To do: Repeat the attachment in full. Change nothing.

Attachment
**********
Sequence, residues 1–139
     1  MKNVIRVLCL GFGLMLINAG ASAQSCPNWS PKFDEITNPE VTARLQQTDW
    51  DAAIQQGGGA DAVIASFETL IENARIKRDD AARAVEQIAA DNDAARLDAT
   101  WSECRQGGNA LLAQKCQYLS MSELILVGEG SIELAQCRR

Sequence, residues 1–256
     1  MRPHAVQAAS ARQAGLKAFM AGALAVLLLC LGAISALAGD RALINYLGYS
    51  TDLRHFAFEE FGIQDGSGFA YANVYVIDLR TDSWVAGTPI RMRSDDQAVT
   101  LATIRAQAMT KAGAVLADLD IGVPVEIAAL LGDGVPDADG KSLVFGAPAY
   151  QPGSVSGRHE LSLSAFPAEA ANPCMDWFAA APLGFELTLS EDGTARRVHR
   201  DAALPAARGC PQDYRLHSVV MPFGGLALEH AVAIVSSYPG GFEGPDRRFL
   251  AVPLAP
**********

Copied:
Sequence, residues 1–139
     1  MKNVIRVLCL GFGLMLINAG ASAQSCPNWS PKFDEITNPE VTARLQQTDW
    51  DAAIQQGGGA DAVIASFETL IENARIKRDD AARAVEQIAA DNDAARLDAT
   101  WSECRQGGNA LLAQKCQYLS MSELILVGEG SIELAQCRR

Sequence, residues 1–256
     1  MRPHAVQAAS ARQAGLKAFM AGALAVLLLC LGAISALAGD RALINYLGYS
    51  TDLRHFAFEE FGIQDGSGFA YANVYVIDLR TDSWVAGTPI RMRSDDQAVT
   101  LATIRAQAMT KAGAVLADLD IGVPVEIAAL LGDGVPDADG KSLVFGAPAY
   151  QPGSVSGRHE LSLSAFPAEA ANPCMDWFAA APLGFELTLS EDGTARRVHR
   201  DAALPAARGC PQDYRLHSVV MPFGGLALEH AVAIVSSYPG GFEGPDRRFL
   251  AVPLAP